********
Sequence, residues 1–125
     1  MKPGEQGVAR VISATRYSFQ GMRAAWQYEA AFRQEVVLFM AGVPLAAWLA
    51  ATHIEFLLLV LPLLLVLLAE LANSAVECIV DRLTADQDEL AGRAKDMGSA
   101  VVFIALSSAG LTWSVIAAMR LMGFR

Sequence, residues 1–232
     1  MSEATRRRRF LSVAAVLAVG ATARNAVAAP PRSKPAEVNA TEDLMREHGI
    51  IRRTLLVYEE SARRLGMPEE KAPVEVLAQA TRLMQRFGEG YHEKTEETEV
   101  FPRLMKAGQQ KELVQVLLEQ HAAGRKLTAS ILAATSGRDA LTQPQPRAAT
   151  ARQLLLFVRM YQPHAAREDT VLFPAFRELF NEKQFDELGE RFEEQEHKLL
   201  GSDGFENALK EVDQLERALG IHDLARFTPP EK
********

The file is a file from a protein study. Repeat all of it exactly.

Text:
Sequence, residues 1–125
     1  MKPGEQGVAR VISATRYSFQ GMRAAWQYEA AFRQEVVLFM AGVPLAAWLA
    51  ATHIEFLLLV LPLLLVLLAE LANSAVECIV DRLTADQDEL AGRAKDMGSA
   101  VVFIALSSAG LTWSVIAAMR LMGFR

Sequence, residues 1–232
     1  MSEATRRRRF LSVAAVLAVG ATARNAVAAP PRSKPAEVNA TEDLMREHGI
    51  IRRTLLVYEE SARRLGMPEE KAPVEVLAQA TRLMQRFGEG YHEKTEETEV
   101  FPRLMKAGQQ KELVQVLLEQ HAAGRKLTAS ILAATSGRDA LTQPQPRAAT
   151  ARQLLLFVRM YQPHAAREDT VLFPAFRELF NEKQFDELGE RFEEQEHKLL
   201  GSDGFENALK EVDQLERALG IHDLARFTPP EK